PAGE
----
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#1 What One Change Do You Need to Make?

by | How to Journal

This is the first post in the series 7 Easy Steps to be a Better Quitter. This series provides journal prompts and writing topics to enable big changes. I used this process to quit smoking, change jobs, start running, and eliminate debt. It works!

A long time ago I met this very interesting man from Ethiopia. He was trying to help me understand that all the problems I was complaining about were traceable back to one root cause. And that until I fixed the root cause, I would waste all my energy managing the peripheral symptoms.

He said, “Imagine you have a rabbit. This rabbit – he poops everywhere. You follow this rabbit around, picking up the tons of tiny poops. You spend all your energy picking up poop after poop, and there is always more. You are exhausted from chasing the rabbit around endlessly. Why don’t you just get rid of the rabbit?”

(He actually recommended eating the rabbit, but I think you get the point.)

We invest a lot of our precious energy in maintaining bad habits and addictions that we’d do better without. Our medical system treats symptoms instead of addressing root causes. Our political engine does the same.

Attacking a problem at its root is the only way to make significant progress in any area of your life. Treating symptom after symptom is a waste of energy.

Journaling is the perfect tool to identify and eliminate root issues that are holding you back from reaching your dreams.

Identify What’s Holding You Back

In the spirit of Micro-goals, it’s best to start small. We want to focus on one single behavioral change that will have the most impact on your quality of life. This is the 80/20 principle – what single habit is responsible for the majority of your problems?

What one behavior is keeping you from reaching your full potential? What one change could you make that would offer big wins? Digging deeper for the answer means getting to the root of your problems – here are three journaling methods for finding it.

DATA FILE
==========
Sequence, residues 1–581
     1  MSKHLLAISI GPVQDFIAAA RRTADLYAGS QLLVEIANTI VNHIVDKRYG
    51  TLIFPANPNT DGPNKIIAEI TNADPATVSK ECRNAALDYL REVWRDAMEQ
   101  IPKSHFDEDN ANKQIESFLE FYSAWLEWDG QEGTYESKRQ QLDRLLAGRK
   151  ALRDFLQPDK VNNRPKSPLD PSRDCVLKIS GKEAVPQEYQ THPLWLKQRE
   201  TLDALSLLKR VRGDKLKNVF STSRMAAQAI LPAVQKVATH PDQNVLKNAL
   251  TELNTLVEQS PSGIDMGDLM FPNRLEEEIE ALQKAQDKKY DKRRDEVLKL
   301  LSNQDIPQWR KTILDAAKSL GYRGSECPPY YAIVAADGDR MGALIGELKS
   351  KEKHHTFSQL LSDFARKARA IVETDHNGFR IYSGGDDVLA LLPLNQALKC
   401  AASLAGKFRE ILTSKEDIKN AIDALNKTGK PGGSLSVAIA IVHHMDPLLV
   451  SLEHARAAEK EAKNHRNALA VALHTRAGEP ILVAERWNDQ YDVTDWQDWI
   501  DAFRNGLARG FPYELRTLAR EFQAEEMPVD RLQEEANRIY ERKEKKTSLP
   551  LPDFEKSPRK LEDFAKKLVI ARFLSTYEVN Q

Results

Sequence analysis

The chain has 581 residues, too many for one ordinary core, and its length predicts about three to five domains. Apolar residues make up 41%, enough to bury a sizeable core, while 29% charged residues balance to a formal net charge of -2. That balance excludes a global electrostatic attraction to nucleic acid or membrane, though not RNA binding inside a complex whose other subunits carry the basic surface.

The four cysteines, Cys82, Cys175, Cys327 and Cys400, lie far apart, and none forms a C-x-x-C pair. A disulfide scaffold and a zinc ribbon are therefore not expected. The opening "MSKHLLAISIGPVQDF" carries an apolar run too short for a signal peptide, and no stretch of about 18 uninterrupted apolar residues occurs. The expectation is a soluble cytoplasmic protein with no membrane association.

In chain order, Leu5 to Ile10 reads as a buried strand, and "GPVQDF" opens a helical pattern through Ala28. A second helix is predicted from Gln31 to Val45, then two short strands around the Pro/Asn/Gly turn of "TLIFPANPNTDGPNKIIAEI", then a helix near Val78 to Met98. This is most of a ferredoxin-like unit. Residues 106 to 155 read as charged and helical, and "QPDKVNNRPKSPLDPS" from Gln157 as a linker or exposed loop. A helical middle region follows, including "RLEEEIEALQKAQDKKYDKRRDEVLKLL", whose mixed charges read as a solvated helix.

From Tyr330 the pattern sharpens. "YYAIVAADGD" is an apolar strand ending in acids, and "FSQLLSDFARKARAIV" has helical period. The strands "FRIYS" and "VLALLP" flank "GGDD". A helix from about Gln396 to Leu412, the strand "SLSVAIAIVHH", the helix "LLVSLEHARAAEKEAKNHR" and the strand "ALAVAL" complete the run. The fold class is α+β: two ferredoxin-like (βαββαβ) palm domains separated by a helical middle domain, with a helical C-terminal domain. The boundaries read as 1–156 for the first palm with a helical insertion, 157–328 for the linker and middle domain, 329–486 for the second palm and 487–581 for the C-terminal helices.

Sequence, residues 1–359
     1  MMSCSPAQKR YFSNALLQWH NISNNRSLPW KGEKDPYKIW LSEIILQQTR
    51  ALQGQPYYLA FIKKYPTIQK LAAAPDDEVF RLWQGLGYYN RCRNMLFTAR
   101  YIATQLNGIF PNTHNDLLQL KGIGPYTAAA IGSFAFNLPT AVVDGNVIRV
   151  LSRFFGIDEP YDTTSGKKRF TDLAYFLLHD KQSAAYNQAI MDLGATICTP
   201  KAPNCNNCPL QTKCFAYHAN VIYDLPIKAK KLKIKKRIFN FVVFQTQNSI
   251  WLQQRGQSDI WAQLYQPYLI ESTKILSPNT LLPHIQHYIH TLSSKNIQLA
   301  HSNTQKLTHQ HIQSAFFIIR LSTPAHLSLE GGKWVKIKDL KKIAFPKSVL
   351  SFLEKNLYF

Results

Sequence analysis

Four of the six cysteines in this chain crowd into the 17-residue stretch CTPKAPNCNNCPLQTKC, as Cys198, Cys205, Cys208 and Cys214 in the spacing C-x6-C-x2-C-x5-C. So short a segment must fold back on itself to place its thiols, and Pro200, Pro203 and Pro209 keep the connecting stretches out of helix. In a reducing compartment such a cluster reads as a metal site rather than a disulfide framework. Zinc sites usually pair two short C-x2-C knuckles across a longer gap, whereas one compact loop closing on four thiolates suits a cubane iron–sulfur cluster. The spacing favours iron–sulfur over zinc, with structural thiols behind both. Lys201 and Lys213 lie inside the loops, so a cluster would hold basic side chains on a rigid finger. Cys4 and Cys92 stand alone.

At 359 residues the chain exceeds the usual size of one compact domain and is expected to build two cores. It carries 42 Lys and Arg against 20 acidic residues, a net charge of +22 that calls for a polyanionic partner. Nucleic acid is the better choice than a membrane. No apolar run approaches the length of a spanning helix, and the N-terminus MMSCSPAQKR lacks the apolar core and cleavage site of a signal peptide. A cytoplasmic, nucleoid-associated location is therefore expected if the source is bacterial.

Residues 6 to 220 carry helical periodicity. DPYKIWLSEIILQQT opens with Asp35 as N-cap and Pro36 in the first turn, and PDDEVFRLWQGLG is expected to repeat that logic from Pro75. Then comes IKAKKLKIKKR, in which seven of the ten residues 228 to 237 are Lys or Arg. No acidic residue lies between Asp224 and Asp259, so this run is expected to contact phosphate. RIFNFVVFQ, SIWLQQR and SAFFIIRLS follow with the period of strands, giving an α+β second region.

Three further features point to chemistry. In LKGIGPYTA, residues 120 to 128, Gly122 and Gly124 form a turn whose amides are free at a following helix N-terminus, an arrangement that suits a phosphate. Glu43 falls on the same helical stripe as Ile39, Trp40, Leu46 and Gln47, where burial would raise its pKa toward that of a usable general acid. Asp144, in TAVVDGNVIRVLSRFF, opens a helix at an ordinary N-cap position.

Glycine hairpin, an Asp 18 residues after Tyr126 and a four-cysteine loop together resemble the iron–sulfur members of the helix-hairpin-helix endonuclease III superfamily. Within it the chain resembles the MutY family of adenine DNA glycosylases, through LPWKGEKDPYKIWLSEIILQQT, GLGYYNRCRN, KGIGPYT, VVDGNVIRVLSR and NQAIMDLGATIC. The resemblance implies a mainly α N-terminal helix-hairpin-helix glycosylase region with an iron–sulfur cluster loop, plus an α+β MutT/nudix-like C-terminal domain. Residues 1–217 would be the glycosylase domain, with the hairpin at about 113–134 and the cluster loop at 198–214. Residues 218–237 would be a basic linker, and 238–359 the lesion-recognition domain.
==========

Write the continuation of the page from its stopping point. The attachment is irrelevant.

Working/Not Working

Do a round of working/not working to generate a list of current complaints. We will use this list to see if there’s a common thread among your “not-workings.”

(The Working/Not Working journaling exercise is simple: make two columns labeled “working” and “not working” and brainstorm for ten minutes without stopping. Anything in your life that’s causing you stress or bringing you pleasure should go on the list. Big and small. Don’t edit, just write.)

Here’s a real world example from my own life. Awhile back, I had many exciting projects I was eager to work on. But I found I was just too exhausted when I got home from work to spend any time on creative projects. It was frustrating because I wanted to do this stuff – I simply didn’t have the energy.

I wasn’t sleeping well – I was plagued with insomnia for weeks at a time. I needed four shots of espresso to get out of bed in the morning. Without caffeine, I couldn’t function. By the time the afternoon came, the cycle of caffeine high, crash, high tired me out.

When the buzz wore off, I became aware of how drained my body was. I thought if I could just get some quality sleep, I’d be able to feel better. My doctor prescribed tranquilizers, but I awoke feeling worse and remained groggy throughout the day. So I required more coffee to keep going.

The coffee swing also made me crave sugar, so I was eating poorly and gaining weight.

During a round of Working/Not Working, I spelled it all out. I came out with a big mess of many problems: insomnia, exhaustion, reliance on prescription pills, overconsumption of sugar, weight gain, lack of exercise.